How to spot cryptocurrency Bitcoin scams trying to steal your money

AS Bitcoin and other cryptocurrencies rise in popularity, so too have crypto-related scam operations and phishing attempts.

The growth of Bitcoin has led to a rise in the number of fraud operations related to it.

Victims reported $80million in losses to Bitcoin scams since October 2020


Victims reported $80million in losses to Bitcoin scams since October 2020Credit: Getty

The FTC reported that since October of 2020, nearly 7,000 people have reported losses of more than $80million in the US due to cryptocurrency scams.

This number is approximately 12 times higher than the loss reported a year ago.

These are the signs that a Bitcoin scam could be. Here’s how to protect your cryptocurrency wallet.


As noted by Inverse, Many phishing scams will attempt to impersonate a government agency or business to get your attention.

According to some reports, scammers contacted victims pretending to represent the Social Security Administration asking them to deposit money in Bitcoin ATMs.

Scammers pretending to be Coinbase also took money from victims.


Giveaway scams often pose as celebrities or well-known figures and ask victims to send Bitcoin, promising to send back a much larger amount.

Keep checking our cryptocurrency live blog to get the most recent news and updates.

Many giveaway scams are promoted via social media. They attempt to connect with people through Instagram, Twitter, and Facebook.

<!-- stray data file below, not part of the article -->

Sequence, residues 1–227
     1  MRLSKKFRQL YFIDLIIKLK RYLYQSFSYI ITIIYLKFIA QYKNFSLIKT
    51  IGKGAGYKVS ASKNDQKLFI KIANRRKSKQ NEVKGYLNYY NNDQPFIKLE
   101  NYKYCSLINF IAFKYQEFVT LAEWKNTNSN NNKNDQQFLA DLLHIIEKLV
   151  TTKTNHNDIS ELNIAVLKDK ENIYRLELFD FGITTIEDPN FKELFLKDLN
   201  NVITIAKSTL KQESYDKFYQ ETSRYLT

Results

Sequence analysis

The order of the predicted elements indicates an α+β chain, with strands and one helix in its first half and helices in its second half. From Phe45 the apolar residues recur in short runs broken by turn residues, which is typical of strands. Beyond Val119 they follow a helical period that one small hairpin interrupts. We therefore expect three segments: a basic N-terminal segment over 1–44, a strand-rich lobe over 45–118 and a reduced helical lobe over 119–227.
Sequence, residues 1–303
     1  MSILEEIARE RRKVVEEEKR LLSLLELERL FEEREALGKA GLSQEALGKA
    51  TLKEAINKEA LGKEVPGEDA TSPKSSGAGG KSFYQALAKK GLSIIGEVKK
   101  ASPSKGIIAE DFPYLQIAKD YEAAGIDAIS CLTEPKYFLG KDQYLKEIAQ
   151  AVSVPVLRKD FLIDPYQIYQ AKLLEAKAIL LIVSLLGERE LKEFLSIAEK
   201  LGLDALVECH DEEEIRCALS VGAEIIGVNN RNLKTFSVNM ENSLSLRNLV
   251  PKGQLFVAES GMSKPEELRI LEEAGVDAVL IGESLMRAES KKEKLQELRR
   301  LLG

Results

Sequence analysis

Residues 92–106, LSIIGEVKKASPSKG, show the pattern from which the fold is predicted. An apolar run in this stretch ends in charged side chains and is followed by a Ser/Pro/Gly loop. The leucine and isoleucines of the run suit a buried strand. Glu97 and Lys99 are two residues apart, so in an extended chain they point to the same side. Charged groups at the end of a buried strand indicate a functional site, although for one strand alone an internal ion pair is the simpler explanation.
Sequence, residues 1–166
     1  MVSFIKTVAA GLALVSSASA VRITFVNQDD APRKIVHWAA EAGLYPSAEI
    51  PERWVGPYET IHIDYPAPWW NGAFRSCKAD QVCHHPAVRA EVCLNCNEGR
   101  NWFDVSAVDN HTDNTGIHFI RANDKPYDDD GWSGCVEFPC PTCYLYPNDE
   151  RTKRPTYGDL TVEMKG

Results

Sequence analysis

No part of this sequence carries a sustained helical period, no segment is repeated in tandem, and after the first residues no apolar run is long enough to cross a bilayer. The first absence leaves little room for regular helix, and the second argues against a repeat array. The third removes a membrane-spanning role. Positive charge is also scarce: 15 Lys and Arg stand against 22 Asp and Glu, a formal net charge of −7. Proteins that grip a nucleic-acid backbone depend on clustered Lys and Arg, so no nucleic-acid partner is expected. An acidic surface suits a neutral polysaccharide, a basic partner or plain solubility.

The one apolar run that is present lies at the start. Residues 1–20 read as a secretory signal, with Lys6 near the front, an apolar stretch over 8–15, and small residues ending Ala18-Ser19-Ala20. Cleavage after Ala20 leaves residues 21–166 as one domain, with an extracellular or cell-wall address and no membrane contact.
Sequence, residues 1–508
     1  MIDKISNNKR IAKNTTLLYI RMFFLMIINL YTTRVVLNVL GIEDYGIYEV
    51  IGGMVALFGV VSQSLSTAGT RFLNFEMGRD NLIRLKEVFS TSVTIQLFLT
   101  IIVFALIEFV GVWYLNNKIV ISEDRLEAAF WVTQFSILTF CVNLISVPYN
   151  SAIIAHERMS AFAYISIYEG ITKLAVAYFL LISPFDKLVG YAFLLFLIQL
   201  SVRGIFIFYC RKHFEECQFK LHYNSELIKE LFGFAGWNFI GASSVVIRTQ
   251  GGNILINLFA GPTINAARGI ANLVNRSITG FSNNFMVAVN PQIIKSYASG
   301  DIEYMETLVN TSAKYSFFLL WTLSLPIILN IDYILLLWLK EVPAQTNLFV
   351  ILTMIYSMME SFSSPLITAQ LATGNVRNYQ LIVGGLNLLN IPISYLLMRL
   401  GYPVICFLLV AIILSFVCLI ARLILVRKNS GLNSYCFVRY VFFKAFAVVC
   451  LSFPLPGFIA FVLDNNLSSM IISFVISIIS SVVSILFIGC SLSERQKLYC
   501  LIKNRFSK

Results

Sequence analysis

Scammers pretending to represent Elon Musk, for example, have been reported by victims as having sent over $2 million.


Some scam operations have even started using dating apps to reel in potential targets.

Some reports suggest that scammers might pose as long-distance love interests to share a hot crypto opportunity.

Around 20 percent of the money lost due to dating scams during the last year involved cryptocurrency.


Another widespread scamming technique is websites that appear to be a new cryptocurrency mining operation or investment opportunity.

These sites encourage investors to wire in money, sometimes offering investment “tiers” and promising greater returns.

However, when users try to withdraw their money, they are not able to do so and are instructed to add more cryptocurrency.

Bitcoin scammer ‘The Cryptoqueen’ speaks at OneCoin Event at Wembley

We pay for your stories!

Are you a journalist for the US Sun team?

Latest News

Related Articles


Please enter your comment!
Please enter your name here